- May 20, 2019 8:54 AM
- July 16, 2019 10:53 AM
- November 17, 2020 6:23 AM
Court investigation remains secret after five years
PHNOM PENH--For five years, one man, Oeuth Ang, known as “Choub Samlab” or “meet to kill”, has been held in prison serving life after being convicted of shooting social development researcher and political commentator Kem Ley.
Public and civil society organizations monitoring the murder case are still waiting for justice as no other perpetrator has been arrested.
On July 9, Human Rights Watch and 44 other organizations repeated their call for authorities to create an independent commission of inquiry tasked with conducting an independent, impartial and effective investigation into Kem Ley’s death.
"To date, the Cambodian government has consistently failed to achieve justice for Kem Ley and his family," Human Rights Watch said.
Y Rin, director of the administrative secretariat of the Phnom Penh Court said the case is in the hands of an investigating judge. The judge has ordered authorities to investigate those involved in the murder.
He declined to give more information about any new findings or about the authorities’ research. "I can only confirm that because the investigation phase is a secret," he said.
Am Sam Ath of the Cambodian rights group Licadho said that since Oeuth Ang’s arrest, LICADHO, and other civil society organizations have received no information about the arrests and charges against anyone else involved.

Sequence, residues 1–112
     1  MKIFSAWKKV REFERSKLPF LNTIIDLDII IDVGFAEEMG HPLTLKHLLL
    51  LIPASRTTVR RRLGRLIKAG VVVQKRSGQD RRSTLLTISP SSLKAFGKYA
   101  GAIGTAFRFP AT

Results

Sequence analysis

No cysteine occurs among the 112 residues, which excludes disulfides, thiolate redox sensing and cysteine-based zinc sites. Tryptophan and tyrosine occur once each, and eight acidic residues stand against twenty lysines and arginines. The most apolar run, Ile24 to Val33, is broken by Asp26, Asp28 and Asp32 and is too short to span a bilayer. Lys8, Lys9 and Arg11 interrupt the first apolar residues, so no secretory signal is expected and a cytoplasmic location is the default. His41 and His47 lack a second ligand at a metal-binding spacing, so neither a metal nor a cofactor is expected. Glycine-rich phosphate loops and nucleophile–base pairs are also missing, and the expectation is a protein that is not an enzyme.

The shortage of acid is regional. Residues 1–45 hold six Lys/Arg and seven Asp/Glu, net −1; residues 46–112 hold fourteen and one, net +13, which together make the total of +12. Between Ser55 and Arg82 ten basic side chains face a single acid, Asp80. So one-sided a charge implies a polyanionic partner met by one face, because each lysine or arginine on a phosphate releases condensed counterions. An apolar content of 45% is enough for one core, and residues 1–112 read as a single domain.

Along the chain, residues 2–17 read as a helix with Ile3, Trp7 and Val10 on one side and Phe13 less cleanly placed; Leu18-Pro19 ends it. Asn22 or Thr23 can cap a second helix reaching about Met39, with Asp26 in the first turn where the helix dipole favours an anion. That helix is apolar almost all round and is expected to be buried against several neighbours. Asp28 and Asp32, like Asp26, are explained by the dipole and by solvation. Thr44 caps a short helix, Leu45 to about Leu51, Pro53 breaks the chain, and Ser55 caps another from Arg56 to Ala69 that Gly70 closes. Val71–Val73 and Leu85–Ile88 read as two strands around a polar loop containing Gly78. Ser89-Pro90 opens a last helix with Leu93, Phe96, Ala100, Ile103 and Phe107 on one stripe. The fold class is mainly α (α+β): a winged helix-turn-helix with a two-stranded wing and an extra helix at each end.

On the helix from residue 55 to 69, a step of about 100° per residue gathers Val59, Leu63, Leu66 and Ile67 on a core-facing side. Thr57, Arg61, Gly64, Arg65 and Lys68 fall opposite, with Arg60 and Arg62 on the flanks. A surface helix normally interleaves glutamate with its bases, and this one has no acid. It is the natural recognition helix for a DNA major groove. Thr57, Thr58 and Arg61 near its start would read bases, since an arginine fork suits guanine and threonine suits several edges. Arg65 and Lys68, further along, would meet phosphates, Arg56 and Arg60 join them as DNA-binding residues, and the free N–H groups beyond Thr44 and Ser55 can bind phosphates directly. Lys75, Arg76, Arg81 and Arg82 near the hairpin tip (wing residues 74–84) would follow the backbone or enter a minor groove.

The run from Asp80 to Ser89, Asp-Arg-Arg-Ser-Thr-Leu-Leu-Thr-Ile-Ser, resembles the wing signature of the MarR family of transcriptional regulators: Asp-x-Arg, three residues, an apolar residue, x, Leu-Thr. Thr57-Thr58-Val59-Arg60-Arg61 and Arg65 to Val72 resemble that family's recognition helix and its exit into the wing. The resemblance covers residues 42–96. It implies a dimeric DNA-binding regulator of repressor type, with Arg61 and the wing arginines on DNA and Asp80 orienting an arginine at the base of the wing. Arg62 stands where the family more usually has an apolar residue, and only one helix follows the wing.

"Not finding is creating more impunity," he said.
Civil society organizations want the government, the courts and other authorities expedite the search for those involved and those behind the assassination.
Kem Ley’s wife, Bou Rachana, does not believe that Oeuth Ang was the killer or that Kem Ley owed him money, as Oeuth Ang claimed. Bou Rachana and many others want the authorities to figure out the real killer and bring him to justice. She and her five sons now live in Australia.
Kem Ley was shot on July 10, 2016, while having his morning coffee at a petrol station in central Phnom Penh, at the corner of Monivong and Mao Tse Toung boulevards.
Oeuth Ang confessed to the killing, saying he was angry with Kem Ley who had not paid back the $3,000 he had borrowed.
Following a half-day trial on March 23, 2017, which was widely criticized for failing to meet international fairness standards, the court found Oeuth Ang guilty of murder and sentenced him to life imprisonment. On May 24, 2019, the Supreme Court upheld his sentence.
The 45 organizations said the government has failed to take steps toward the establishment of an independent and impartial investigative body.
"To date, there has been no independent, impartial and effective investigation to establish whether anyone else was involved in the killing,” they said.
They said that pursuant to the International Covenant on Civil and Political Rights, Cambodia has a duty to promptly, independently, impartially, and effectively investigate all deaths suspected of being unlawful.
Investigations must seek to identify not only direct perpetrators but also all others who may have been responsible for criminal conduct in connection with the death.
Cambodia’s Supreme Court rejected Oeuth Ang’s appeal for a reduction in his sentence and upheld his life imprisonment in May, 2019.